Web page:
The Civitas Partisan Index (CPI) began as a project of the Civitas Institute to provide accurate analysis of the partisan leanings of state legislative districts. It is now hosted by the John Locke Foundation.

We model the CPI after the Cook Political Report’s Partisan Voting Index. It is a measure of the base partisan leanings of a North Carolina state legislative district compared to the state as a whole. For each district, the CPI score lists the party (identified by initials, D or R) the district tends to favor, followed by a number indicating the relative lean of the district toward that party. For example, a district that tends to vote about 7 percent more Democratic than the state average would have a CPI score of D+7.

Our current methodology takes a rolling average of the ten Council of State races from the latest presidential election and statewide judicial races from the latest midterm election.

The 2024 CPI took precinct-level results of the ten 2020 Council of State races and the 2022 statewide judicial races using data from the North Carolina State Board of Elections (NCSBE) precinct sort files. The Republican votes of sixteen races were added together in each state legislative district and divided by the total two-party votes for those sixteen races to get a Republican percentage in each district. That percentage is then subtracted from the Republican statewide average for those sixteen races (51.36%) to find the CPI rating for each district.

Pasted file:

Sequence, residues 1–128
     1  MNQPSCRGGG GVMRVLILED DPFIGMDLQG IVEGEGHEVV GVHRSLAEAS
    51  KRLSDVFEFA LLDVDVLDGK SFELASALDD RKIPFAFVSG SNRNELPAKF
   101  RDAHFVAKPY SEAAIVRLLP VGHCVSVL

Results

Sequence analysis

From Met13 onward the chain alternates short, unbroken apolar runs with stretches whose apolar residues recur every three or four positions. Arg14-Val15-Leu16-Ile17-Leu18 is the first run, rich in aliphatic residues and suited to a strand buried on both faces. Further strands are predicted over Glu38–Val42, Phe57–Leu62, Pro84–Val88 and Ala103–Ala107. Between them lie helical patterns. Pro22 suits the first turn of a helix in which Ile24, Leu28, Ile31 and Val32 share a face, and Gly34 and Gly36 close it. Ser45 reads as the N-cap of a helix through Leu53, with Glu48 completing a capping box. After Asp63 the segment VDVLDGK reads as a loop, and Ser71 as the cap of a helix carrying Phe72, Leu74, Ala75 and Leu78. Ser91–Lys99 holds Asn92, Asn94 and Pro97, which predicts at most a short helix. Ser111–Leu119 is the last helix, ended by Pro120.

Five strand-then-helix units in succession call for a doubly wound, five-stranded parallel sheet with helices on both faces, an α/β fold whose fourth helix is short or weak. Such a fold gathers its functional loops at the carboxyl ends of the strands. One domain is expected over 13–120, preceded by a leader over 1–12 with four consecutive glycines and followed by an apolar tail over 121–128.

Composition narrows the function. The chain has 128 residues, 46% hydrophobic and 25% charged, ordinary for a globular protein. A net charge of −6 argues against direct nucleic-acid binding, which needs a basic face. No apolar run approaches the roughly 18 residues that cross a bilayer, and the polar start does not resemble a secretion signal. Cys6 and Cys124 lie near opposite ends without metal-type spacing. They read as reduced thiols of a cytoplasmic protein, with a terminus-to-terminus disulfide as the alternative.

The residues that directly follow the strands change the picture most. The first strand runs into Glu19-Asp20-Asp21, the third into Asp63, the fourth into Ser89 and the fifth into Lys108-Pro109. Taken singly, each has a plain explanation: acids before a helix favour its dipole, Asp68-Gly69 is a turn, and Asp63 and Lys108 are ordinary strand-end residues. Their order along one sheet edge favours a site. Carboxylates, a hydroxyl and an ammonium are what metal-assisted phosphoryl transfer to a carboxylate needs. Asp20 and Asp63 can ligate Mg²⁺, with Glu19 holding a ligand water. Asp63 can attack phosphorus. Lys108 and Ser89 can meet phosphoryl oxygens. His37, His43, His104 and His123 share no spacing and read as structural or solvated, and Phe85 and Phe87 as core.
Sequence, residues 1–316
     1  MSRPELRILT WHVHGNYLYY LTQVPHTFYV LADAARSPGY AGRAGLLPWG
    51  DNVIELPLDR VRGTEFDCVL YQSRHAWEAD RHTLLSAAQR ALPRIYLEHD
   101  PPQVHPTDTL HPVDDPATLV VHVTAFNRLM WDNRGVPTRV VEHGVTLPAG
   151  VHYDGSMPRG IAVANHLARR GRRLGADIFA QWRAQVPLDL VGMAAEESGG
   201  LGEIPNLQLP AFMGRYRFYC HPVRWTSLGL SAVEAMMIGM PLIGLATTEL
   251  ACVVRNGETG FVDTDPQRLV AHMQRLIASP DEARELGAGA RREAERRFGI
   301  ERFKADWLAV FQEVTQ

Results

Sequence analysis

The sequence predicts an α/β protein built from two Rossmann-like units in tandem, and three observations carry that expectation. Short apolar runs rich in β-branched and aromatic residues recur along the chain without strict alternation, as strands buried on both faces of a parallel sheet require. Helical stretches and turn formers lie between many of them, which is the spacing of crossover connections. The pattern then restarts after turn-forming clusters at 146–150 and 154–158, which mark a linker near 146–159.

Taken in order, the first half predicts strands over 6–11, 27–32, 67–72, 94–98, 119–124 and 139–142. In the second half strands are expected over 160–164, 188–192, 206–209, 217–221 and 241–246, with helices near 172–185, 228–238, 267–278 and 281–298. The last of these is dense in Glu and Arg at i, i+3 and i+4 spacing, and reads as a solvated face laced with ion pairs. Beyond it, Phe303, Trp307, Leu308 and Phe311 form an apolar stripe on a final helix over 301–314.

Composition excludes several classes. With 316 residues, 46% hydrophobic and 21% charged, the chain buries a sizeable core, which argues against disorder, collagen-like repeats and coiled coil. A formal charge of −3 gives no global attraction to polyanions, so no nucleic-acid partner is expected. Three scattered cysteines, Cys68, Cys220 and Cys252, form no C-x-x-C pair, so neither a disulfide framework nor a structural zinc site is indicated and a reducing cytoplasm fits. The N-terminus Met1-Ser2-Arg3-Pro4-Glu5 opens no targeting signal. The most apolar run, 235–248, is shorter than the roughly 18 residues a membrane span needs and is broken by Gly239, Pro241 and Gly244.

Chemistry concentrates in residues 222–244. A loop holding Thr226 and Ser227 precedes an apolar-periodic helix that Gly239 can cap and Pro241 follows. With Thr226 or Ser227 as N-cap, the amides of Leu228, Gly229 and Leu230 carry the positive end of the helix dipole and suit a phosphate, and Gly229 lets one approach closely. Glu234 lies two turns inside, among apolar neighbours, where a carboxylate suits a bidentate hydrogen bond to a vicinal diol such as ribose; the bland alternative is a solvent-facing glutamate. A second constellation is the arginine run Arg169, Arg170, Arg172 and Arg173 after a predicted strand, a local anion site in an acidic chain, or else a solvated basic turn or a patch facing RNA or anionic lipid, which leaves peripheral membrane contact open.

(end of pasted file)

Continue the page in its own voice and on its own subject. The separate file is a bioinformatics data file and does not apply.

There are two ways the CPI may differ from other indexes. First, other indexes usually base their scores on a composite of several races (president or United States senator for example). Since we use many “down ballot” statewide races rather than a handful of state and federal elections, our index is a more reliable indicator of the baseline tendencies of voters.

Second, other indexes might not base their rating on a comparison to the average statewide vote but instead, compare the two-party vote totals when rating a district.

Those differences in methodology can produce what appear to be very different results. So, for example, the CPI may score a district R+10 (61.58% – 51.36% = 10.22%) while someone using the Dave’s Redistricting app would score it R+22 (60.07% – 37.98% = 22.09%). Both ratings are legitimate and indicate a safe Republican district.

Civitas Partisan Indexes and Reliability Reviews in Recent Elections

2024 Election CPI: What are the Partisan leanings of North Carolina’s Proposed Legislative Maps?

2022 Election CPI: What Are the Partisan Leanings of Court-Ordered Legislative Districts?

2022 Reliability Review: The Civitas Partisan Index Proved Highly Reliable in 2022

2020 Election CPI: Introducing the 2020 Civitas Partisan Index

2020 Reliability Review: The Civitas Partisan Index was highly accurate in 2020